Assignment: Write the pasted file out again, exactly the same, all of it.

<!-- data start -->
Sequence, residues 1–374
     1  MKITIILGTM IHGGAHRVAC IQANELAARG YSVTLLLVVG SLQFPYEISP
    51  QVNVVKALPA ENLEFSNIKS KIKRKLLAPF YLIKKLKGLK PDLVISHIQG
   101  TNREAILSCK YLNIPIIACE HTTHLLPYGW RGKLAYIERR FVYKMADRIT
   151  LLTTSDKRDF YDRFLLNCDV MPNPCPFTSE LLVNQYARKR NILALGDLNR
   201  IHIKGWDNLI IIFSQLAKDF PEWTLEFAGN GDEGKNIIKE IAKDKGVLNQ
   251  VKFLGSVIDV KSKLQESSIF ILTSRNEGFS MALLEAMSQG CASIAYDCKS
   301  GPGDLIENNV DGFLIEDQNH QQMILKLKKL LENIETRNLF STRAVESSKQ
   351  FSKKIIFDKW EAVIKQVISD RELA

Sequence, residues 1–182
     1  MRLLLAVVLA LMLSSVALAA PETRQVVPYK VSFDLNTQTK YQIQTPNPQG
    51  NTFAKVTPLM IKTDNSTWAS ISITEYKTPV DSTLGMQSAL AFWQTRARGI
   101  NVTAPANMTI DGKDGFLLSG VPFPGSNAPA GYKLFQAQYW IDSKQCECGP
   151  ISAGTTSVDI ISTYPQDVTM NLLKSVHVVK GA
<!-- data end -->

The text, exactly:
Sequence, residues 1–374
     1  MKITIILGTM IHGGAHRVAC IQANELAARG YSVTLLLVVG SLQFPYEISP
    51  QVNVVKALPA ENLEFSNIKS KIKRKLLAPF YLIKKLKGLK PDLVISHIQG
   101  TNREAILSCK YLNIPIIACE HTTHLLPYGW RGKLAYIERR FVYKMADRIT
   151  LLTTSDKRDF YDRFLLNCDV MPNPCPFTSE LLVNQYARKR NILALGDLNR
   201  IHIKGWDNLI IIFSQLAKDF PEWTLEFAGN GDEGKNIIKE IAKDKGVLNQ
   251  VKFLGSVIDV KSKLQESSIF ILTSRNEGFS MALLEAMSQG CASIAYDCKS
   301  GPGDLIENNV DGFLIEDQNH QQMILKLKKL LENIETRNLF STRAVESSKQ
   351  FSKKIIFDKW EAVIKQVISD RELA

Sequence, residues 1–182
     1  MRLLLAVVLA LMLSSVALAA PETRQVVPYK VSFDLNTQTK YQIQTPNPQG
    51  NTFAKVTPLM IKTDNSTWAS ISITEYKTPV DSTLGMQSAL AFWQTRARGI
   101  NVTAPANMTI DGKDGFLLSG VPFPGSNAPA GYKLFQAQYW IDSKQCECGP
   151  ISAGTTSVDI ISTYPQDVTM NLLKSVHVVK GA